Canada: Disclosure Of Oil And Gas & Aboriginal Payments Uncertain, Despite Release Of Recommendations On Mandatory Disclosure Of Payments From Canadian Mining Companies To Governments – by Julie Abouchar ( – February 21, 2014)

Willms & Shier Environmental Lawyers LLP

Companies and Aboriginal communities negotiating resource agreements should note the Resource Revenue Transparency Working Group’s January 16, 2014 release of its Recommendations on Mandatory Disclosure of Payments from Canadian Mining Companies to Governments. The Recommendations stem from Canada’s June 2013 commitment to enhance transparency in the extractive sector.

The Working Group is comprised of representatives from the Mining Association of Canada, the Prospectors & Developers Association of Canada (PDAC), Publish What You Pay Canada and the Revenue Watch Institute. The Working Group’s transparency initiative is widely supported by Canadian mining companies.

Companies and Aboriginal communities want to know how the reporting would work and whether payments under resource agreements/IBAs will come under the purview of any Canadian requirements. The recommendations do not currently include oil and gas or Aboriginal payments. However, such payments could follow in a second phase of the project, dubbed “transparency 2.0” by Working Group member and PDAC Executive Director, Ross Gallinger, at an Ontario Bar Association address on February 19, 2014. To take effect, the recommendations must next be adopted, following discussions with provincial securities commissions and the provincial finance ministries. Presumably, Aboriginal communities would be consulted about making IBA payments subject to reporting.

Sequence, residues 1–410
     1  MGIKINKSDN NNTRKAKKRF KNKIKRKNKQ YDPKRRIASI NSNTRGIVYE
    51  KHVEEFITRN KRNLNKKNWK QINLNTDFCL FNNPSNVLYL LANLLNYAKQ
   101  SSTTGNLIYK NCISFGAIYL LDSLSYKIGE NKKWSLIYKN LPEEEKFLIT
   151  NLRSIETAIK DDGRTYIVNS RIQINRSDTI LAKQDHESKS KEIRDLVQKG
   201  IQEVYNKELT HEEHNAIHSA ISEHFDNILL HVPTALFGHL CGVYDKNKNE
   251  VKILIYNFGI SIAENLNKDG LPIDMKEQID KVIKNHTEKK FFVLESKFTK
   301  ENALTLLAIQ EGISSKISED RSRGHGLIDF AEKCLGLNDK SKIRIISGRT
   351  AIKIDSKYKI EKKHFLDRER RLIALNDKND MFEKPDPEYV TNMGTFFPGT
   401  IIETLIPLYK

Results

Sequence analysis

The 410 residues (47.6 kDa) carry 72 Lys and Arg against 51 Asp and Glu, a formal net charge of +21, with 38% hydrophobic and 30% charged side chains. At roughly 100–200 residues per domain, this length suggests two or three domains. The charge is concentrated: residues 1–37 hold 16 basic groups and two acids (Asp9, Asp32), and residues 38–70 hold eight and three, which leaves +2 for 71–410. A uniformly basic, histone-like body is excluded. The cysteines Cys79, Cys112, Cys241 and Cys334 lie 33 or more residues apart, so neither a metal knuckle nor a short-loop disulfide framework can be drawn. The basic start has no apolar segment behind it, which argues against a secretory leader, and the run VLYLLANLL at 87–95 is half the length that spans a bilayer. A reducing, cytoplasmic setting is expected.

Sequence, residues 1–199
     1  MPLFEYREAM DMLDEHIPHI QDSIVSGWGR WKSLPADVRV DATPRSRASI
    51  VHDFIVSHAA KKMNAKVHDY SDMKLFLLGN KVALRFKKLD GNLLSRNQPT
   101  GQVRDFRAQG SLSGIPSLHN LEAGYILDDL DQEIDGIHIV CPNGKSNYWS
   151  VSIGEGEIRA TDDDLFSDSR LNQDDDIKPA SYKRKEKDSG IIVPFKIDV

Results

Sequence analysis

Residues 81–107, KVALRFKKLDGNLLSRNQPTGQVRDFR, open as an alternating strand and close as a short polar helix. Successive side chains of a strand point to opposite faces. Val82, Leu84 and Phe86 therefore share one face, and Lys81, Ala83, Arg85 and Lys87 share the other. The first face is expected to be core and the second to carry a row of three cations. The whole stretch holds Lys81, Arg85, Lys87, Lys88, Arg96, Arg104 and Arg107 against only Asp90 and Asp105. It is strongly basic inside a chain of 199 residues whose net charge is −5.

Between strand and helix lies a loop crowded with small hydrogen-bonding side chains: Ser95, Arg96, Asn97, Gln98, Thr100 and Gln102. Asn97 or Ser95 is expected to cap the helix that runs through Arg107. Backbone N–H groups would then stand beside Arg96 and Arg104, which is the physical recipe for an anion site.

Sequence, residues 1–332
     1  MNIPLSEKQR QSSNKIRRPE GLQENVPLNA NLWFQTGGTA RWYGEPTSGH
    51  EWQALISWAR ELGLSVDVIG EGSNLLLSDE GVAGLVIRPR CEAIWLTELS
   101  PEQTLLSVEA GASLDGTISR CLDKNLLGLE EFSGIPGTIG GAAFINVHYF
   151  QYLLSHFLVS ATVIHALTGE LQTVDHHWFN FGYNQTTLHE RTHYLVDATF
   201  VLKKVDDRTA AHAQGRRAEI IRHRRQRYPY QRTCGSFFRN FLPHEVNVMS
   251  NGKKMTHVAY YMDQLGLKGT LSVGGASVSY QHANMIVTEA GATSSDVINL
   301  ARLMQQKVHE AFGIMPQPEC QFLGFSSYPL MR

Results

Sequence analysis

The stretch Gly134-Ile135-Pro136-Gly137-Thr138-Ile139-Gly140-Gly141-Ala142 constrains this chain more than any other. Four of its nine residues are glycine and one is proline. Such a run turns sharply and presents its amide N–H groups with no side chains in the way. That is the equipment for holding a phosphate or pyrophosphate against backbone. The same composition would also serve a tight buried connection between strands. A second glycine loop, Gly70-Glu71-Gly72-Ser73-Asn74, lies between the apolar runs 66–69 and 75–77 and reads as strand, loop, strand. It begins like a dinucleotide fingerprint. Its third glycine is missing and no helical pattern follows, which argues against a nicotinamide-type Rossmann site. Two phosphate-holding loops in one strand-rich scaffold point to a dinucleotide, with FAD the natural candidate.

The Proposed Reporting Regime

The Working Group recommends that the requirement apply to mining companies making payments over $100,000 for TSX issuers and $10,000 for venture exchange participants. All profit taxes, royalties, production entitlements, bonuses, dividends, infrastructure, transportation and terminal fees would be reportable, without exemption. The Working Group recommends that mandatory reporting for public companies be established through provincial securities requirements. Access to this information would provide citizens around the world with tools to promote accountable, responsible and transparent management of natural recourses. Companies that fail to report would be penalized consistent with enforcement regimes of provincial securities disclosure requirements.

U.S. Reporting Requirements

Over 100 of the largest Canadian companies listed on U.S. stock exchanges are required to report payments to the U.S. and foreign governments under section 1504 of the US Dodd-Frank Wall Street Reform and Consumer Protection Act (the Dodd-Frank Act). However, the American Petroleum Institute and others successfully challenged recent rules under this section (SEC Rule 13q-1) which required disclosing the same information to the public. The U.S. District Court for the District of Columbia concluded that Rule 1504 was never meant to require affected companies to disclose information that contract or regulations required be kept confidential, and vacated SEC Rule 13q-1. The U.S. will likely introduce new rules which allow for confidential submission of information under the Dodd-Frank Act.

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